Syndicate content

Research Shows Different Growth Rates in Two Pygmy Populations Despite Similar Adult Heights; Different Mechanisms at Work; Scientists Conclude That Human Growth Rates Can Change and Evolve Rapidly

While the stature of pygmies is well-suited to tropical rainforests, the mechanisms underlying their growth remain poorly understood. In order to decipher these mechanisms, a team of scientists from the CNRS (Laboratoire Dynamique de l'Evolution Humaine), IRD (Laboratoire Patrimoines Locaux et Gouvernance) and UPMC1 (Centre de Recherche Saint-Antoine) studied a group of Baka pygmies in Cameroon. Their findings revealed that the Baka pygmy growth rate differed completely from that of another pygmy cluster, despite a similar adult height, which implies that small stature appeared independently in the two clusters. This work was published online on July 28, 2015 in an open-accerss article in Nature Communications. The article is titled “Growth Pattern from Birth to Adulthood in African Pygmies of Known Age.” The stature of pygmies has intrigued Westerners since their first encounter with them in 1865. This population is, in fact, made up of several ethnic groups, which belong to two main clusters. One is spread across Equatorial West Africa (Congo, Cameroon, Gabon, Central African Republic, and Western DRC) while the other is found in East Africa, in Eastern DRC and Rwanda. They all live in forested regions, linked with Bantu farmers. Although genetic factors are responsible for the small stature of pygmies, until now, scientists were unable to produce reliable data on their age in order to analyze their growth patterns. Thanks to the registers of the Catholic mission in Moange-le-Bosquet, Cameroon, it was possible, in the current research, to study 500 members of the Baka ethnic group for eight years in order to establish the first growth curves for pygmies. The scientists were thus able to show that although the body size at birth of the Baka was within normal limits, their growth rate then slowed significantly until the age of three years. Their growth curves subsequently paralleled global standards, with a growth spurt at adolescence and an adult size achieved on average at the same time as that seen throughout the world. However, they never made up for this initial retardation. On the other hand, pygmies in the eastern cluster were born with a smaller body size, so that their small stature resulted from growth processes different from those of the Baka.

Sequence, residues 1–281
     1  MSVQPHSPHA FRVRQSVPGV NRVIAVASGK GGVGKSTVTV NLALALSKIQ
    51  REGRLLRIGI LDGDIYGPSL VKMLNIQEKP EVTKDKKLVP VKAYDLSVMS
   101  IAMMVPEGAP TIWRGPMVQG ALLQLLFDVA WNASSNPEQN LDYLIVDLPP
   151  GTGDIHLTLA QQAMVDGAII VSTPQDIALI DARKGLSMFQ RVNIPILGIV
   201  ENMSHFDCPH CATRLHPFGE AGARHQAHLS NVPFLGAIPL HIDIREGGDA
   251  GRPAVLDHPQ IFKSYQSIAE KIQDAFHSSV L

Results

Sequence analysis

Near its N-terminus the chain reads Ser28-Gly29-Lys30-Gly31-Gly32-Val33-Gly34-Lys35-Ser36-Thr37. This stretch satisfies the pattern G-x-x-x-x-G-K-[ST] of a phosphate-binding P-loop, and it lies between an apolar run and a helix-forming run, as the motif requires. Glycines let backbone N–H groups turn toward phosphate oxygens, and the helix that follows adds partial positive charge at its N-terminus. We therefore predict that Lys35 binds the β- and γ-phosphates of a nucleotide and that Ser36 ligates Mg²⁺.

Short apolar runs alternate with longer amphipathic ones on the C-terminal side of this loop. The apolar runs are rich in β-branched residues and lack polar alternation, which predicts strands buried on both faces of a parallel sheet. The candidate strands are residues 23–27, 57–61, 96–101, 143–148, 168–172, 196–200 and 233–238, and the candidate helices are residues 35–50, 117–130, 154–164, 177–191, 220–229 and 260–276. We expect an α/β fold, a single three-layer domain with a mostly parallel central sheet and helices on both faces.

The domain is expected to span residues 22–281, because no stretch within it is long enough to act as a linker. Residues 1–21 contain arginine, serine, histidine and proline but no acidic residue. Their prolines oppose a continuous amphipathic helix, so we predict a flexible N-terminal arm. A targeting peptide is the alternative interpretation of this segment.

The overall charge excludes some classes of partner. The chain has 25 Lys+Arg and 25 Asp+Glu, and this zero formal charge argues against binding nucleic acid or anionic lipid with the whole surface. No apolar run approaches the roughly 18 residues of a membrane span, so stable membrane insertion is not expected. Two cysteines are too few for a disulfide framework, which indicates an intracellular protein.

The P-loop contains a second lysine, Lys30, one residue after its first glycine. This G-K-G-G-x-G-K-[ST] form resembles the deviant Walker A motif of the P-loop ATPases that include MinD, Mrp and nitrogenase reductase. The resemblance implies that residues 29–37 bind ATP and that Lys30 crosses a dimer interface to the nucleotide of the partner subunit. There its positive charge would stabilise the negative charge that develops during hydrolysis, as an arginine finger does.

The pygmy morphology of these populations thus results from two different mechanisms, which may be linked to an imbalance between the growth hormone and the two IGF2s that has allowed them to adapt to rainforest conditions, under a mechanism of convergent evolution.

These pygmy clusters thus split apart between 8,000 and 13,000 years ago, which shows that human growth can evolve within a relatively short period of time. This growth plasticity may have played a determining role in the spread of Homo sapiens outside Africa, allowing this species to adapt rapidly to new environments.

These findings also highlight the fact that further longitudinal studies (i.e., the monitoring of individuals over time) are needed to enhance the research in genetics and endocrinology that is necessary to shed light on the growth mechanisms in play amongst pygmies, as well as in the rest of the world's population, in whom they are also poorly understood.

The scientists now wish to determine the endocrine processes that cause the growth deceleration observed during infancy in the Baka, by identifying the hormones and cellular structures that are responsible for this particular growth pattern, targeting the underlying genes and comparing them with those found in East African pygmies.

For more information, please view a documentary film made by Laurent Maget and produced by CNRS Images and IRD: "Pygmées Baka, le grand Virage.”

The image shows a group of adult pygmies with Charles Knowles, founder of the Wildlife Conservation Network. Knowles was not involved with the research described here.

[Press release] [Nature Communications article]